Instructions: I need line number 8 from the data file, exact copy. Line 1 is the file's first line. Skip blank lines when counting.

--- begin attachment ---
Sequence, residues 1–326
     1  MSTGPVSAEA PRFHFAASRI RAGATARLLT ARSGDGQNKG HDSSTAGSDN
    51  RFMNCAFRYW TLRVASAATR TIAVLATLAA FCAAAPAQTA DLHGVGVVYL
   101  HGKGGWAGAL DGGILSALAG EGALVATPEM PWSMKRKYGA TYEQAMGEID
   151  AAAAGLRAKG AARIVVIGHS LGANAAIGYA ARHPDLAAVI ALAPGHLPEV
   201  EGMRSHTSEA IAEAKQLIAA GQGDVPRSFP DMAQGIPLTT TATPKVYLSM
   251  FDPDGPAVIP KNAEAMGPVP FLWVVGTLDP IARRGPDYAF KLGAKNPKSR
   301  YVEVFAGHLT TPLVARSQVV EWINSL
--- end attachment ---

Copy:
   301  YVEVFAGHLT TPLVARSQVV EWINSL